Trump Vetoes Defense Bill; CDFI, Paycheck Protection Program Loans in Jeopardy

President Trump on Wednesday vetoed the massive defense authorization bill and then threatened to veto the massive economic stimulus and omnibus appropriations bill.

The vetoed defense bill contains a plan to maintain free rent benefits on military bases for credit unions, but not for banks. It also contains money laundering provisions long sought by credit union trade groups. Trump did not cite the credit union or money laundering provisions in his veto message.  Instead he objected to a lack of technology provisions and a plan to rename military installations that currently are named after Confederate soldiers as justification for his veto.

Then before leaving for Florida for Christmas, Trump made comments that left open the possibility of his vetoing the massive economic stimulus and omnibus appropriations bill that contains an extension of the Paycheck Protection Program and $12 billion for the Community Development Financial Institutions program. Congressional leaders and the administration officials who negotiated the bill thought Trump was in agreement with the bill that was passed and that it would be signed and become law. Now it is not clear whether there will be any coronavirus relief before Trump leaves office.

The House and Senate may try to override the veto of the defense authorization bill next week; the 4,517-page conference report passed both Houses with enough votes to accomplish that. The vote to override the veto is not a certainty, however, because it is not clear how many members of Congress may change their vote on the bill because of the President’s response to it. Some Republicans who voted for the bill may now vote against it to uphold the veto, while Democrats who voted against the bill may now vote for it to override the veto.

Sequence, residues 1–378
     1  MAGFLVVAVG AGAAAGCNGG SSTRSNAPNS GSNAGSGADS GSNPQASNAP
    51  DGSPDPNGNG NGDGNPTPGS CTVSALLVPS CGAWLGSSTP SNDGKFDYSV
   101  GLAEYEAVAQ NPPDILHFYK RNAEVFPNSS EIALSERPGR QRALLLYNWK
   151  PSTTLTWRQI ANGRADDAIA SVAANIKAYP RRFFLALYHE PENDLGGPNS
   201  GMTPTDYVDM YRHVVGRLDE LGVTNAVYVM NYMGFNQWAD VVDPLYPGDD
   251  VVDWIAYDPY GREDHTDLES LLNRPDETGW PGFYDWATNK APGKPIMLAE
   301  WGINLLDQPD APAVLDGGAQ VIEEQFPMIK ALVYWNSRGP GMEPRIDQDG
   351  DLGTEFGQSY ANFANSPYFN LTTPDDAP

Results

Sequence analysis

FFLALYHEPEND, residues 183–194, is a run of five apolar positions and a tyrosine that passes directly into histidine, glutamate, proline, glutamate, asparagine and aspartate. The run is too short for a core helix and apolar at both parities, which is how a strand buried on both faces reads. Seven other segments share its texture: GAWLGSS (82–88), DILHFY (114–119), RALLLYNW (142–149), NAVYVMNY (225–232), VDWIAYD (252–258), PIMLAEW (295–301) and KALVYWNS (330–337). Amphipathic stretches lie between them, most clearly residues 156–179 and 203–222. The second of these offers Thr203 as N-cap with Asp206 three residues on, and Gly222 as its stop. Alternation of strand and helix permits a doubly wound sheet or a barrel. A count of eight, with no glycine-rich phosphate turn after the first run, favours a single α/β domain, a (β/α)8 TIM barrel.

In his comment on the economic stimulus and omnibus appropriations bill, Trump said he believes the economic impact payments that would be made to people to offset the economic effects of the coronavirus should be $2,000 rather than the $600 included in the measure. The Trump Administration had agreed to $600 during negotiations and Republicans rejected the larger number.

House Speaker Nancy Pelosi (D-Calif.) immediately welcomed the larger number Trump suggested and had a measure brought to the floor to increase the amount of the economic impact payments to $2,000. To do this quickly, the measure required unanimous consent. House Republicans Thursday blocked this attempt by Democrats to comply with Trump’s request.

Trump also said he opposed foreign aid provided in the 5,593-page bill. That assistance is provided in the omnibus spending portion of the bill that would fund the government for the remainder of FY21 and much of that assistance had been included in the Trump Administration’s own budget.

The next steps regarding the stimulus and omnibus spending bill remain uncertain. President Trump still may sign the measure despite his objections. He may veto it and send it back to Congress for an override vote. Or he may do nothing with the bill until this Congress is adjourned on January 3. Both funding the government and the programs in the economic stimulus portion of the bill are currently in doubt.

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